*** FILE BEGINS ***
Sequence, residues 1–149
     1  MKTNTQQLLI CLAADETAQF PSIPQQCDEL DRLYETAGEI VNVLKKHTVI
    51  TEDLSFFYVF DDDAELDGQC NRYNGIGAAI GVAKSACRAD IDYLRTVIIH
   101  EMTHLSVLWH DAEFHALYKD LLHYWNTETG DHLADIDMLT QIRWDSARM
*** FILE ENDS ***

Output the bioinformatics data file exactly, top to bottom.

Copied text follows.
Sequence, residues 1–149
     1  MKTNTQQLLI CLAADETAQF PSIPQQCDEL DRLYETAGEI VNVLKKHTVI
    51  TEDLSFFYVF DDDAELDGQC NRYNGIGAAI GVAKSACRAD IDYLRTVIIH
   101  EMTHLSVLWH DAEFHALYKD LLHYWNTETG DHLADIDMLT QIRWDSARM